verb (used with object), stunned, stun·ning.
Origin of stun
Examples from the Web for stunned
Gunshots rang out in Paris this morning on a second day of deadly violence that has stunned the French capital.
That November, many of us were stunned as voters in four states supported marriage equality at the ballot box.The Real Story Behind the Fight for Marriage Equality|E.J. Graff|December 30, 2014|DAILY BEAST
I arrive at the bungalow and find his staff standing about stunned, some of them in tears.Alfred Hitchcock’s Fade to Black: The Great Director’s Final Days|David Freeman|December 13, 2014|DAILY BEAST
He and Jessen convinced a stunned and desperate CIA that they were the ones to run a new interrogation program.The Luxury Homes That Torture and Your Tax Dollars Built|Michael Daly|December 12, 2014|DAILY BEAST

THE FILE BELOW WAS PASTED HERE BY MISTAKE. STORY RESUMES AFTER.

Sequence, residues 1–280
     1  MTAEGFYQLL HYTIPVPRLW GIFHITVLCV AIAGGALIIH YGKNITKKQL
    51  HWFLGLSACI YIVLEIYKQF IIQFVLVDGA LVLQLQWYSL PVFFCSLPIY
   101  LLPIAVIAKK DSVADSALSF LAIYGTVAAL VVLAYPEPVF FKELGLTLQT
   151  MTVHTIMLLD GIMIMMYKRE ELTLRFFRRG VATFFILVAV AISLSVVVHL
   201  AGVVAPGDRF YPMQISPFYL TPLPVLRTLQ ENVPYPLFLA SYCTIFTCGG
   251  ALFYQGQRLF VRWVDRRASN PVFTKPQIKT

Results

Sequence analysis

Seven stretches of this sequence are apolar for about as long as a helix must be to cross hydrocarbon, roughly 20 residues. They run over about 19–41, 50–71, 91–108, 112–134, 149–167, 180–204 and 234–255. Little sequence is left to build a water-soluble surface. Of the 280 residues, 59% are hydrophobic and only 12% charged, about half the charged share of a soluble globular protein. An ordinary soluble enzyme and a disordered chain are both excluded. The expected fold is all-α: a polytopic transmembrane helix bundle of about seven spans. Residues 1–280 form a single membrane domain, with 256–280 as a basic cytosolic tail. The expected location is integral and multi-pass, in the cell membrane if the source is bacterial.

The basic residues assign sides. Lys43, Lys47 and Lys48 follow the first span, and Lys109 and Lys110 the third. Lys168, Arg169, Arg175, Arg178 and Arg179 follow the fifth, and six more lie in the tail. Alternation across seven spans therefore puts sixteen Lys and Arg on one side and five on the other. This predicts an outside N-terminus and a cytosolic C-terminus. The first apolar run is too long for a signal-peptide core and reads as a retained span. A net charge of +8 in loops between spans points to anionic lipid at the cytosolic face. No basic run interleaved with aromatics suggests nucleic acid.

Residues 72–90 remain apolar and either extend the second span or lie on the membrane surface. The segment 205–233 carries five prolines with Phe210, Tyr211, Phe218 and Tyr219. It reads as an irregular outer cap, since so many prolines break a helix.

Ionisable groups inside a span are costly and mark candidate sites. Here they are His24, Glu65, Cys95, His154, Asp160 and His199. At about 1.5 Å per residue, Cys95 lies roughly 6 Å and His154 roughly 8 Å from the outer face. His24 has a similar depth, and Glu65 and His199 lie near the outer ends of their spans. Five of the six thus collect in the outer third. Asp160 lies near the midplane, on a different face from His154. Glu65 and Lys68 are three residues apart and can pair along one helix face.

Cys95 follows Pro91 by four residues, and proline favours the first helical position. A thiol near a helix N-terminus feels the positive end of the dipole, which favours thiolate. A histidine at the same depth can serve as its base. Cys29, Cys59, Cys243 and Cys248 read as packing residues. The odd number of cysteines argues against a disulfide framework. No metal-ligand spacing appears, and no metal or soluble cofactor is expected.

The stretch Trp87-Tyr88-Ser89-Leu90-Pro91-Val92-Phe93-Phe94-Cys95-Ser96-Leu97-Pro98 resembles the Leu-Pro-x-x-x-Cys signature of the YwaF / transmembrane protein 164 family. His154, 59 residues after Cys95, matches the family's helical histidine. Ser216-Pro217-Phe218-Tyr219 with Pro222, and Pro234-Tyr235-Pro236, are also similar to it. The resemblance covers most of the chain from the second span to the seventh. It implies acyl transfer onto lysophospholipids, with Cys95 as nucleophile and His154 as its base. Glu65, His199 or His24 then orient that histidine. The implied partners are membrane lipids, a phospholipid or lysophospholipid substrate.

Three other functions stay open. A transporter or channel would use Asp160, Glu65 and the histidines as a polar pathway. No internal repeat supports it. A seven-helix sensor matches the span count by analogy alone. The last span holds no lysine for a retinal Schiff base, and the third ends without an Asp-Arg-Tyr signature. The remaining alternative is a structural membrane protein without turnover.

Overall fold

I was stunned, and angry, because he had no right to do that.Two New Bill Cosby Accusers Come Forward: ‘We Challenge Mr. Cosby to End This Nightmare’|Marlow Stern|December 3, 2014|DAILY BEAST
We were just about drowned and stunned, and when we came to ourselves it was because the storm had passed over.Bunyip Land|George Manville Fenn
I belong so much to the stunned sleepers in the straw who cannot feel.A Journal of Impressions in Belgium|May Sinclair
Teddy had been shot through the upper arm, and stunned by a falling beam.Mr. Britling Sees It Through|H. G. Wells
For a moment both men stared at each other, stunned and helpless.The Moon Destroyers|Monroe K. Ruch
The coffee that stood on the still warm electric stove proved a valuable aid in restoring the stunned Lottie.The Motor Girls on Crystal Bay|Margaret Penrose
British Dictionary definitions for stunned
verb stuns, stunning or stunned (tr)
Word Origin for stun
Word Origin and History for stunned
c.1300, "to daze or render unconscious" (from a blow, powerful emotion, etc.), probably a shortening of Old French estoner "to stun" (see astonish). Stunning popularized for "splendid, excellent" c.1849.